Tuesday, November 18, 2014

Brie's Personal Book of Job

It's official- Baxter made me an offer I couldn't refuse. I'm getting hired permanently at Baxter in Los Angeles. This means benefits, paid vacations, but more importantly: no more job searching. I mean, after my three month probation period.
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The plant here in Los Angeles works with human plasma to create hemophilic treatments and immuno-therapies, although Baxter focuses on a number of treatments in plants all over the world. So there's a lot of opportunity to further my career and get trained in multiple areas. For the time being I'm working in the Quality Department- making sure everyone else is doing their job correctly.

The one thing I never thought I'd feel about a new job? Judged.

I've worked at quite a few different contract (read: temporary) positions since I graduated from UCSD three years ago. I didn't mind because Mr. E and I didn't know where we were going to end up, so putting down roots into a job didn't seem like the best idea until we moved to where he would need to work. The first job I found out of LA seemed great- good commute, interesting company products, I liked the people... But the work itself was repetitive, slow and the training vague. I didn't feel like I was getting anywhere in that position, in the department or in the company. So when Baxter called I jumped at the chance.

Here was a homogenous mixture (read: equal) of temps and permanent workers. Kids right out of school and employees who had been with the company for 35 years. We rubbed elbows. We relied on each other. There's a lot of communication and teamwork between all three shifts for our 24-hour facility.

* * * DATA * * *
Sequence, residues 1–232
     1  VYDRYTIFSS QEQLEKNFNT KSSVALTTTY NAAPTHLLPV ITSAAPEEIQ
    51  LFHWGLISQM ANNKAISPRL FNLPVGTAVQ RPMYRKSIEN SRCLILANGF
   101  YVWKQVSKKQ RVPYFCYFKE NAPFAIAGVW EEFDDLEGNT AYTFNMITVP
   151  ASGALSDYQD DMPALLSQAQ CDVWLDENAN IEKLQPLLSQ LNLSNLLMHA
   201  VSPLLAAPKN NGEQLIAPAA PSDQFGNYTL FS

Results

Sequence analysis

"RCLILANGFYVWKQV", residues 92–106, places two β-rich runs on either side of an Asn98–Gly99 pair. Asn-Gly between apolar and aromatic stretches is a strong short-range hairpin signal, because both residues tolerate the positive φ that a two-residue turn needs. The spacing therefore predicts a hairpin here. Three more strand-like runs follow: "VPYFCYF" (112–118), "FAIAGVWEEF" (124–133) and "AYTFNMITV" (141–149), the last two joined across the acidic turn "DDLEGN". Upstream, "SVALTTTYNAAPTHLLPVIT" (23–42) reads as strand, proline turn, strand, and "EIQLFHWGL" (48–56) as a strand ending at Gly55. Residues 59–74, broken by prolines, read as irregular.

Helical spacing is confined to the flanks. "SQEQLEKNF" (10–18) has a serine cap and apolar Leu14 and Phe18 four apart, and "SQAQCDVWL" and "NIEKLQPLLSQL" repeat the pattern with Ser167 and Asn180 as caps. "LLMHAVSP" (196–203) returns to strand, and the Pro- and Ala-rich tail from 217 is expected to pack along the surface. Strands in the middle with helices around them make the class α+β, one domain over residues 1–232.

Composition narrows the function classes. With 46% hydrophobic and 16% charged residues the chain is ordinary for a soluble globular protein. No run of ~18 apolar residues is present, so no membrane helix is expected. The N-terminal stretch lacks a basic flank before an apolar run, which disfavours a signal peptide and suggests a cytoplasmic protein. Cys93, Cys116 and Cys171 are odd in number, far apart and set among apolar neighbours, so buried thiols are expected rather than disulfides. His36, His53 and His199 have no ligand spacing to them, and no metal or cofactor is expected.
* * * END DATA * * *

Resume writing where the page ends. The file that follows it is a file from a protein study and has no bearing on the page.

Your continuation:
And yet, when I was offered my position (yes, Yes, YES!) I was asked repeatedly by the younger crowd, "Are you going to take it?" As if I had something better in mind. As if I was better than this job. As if a decent-paying position with upward mobility, international locations and paid holidays was something I wasn't interested in.

Let's be clear: I'm not going to school anymore. I have no dreams to be a doctor or an anything-ologist. I don't want a Masters or a PhD. The most I was contemplating was phlebotomy but that's more of a certification anyways, to be honest. So why the well-meaning condescension?

Here's another reminder that I'm not in the same place as my peers. There's a generalization that if you majored in science you're going to continue in science education- because a well-paying job means years of study.

There's a generalization that if you married young you're going to have kids ASAP and focus on family first because marriage and families go hand in hand. Or at least that's what the internet tells me in yet another list.

I tread that line between them- where all I want to do is work. And earn money so my husband can make movies (read: finance his short films until someone else can). We'll add kids in there when we're not eating peanut butter for the month to keep our budget down because that's our choice to prioritize our life that way.

So why the judgement? Next time someone tells you they got offered a job, and their voice has suspiciously climbed six octaves, muster up a little excitement for them. There's no need to squash the sprouting dreams of a new hire. There's plenty of time for corporate politics to do just that.

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Mrs. E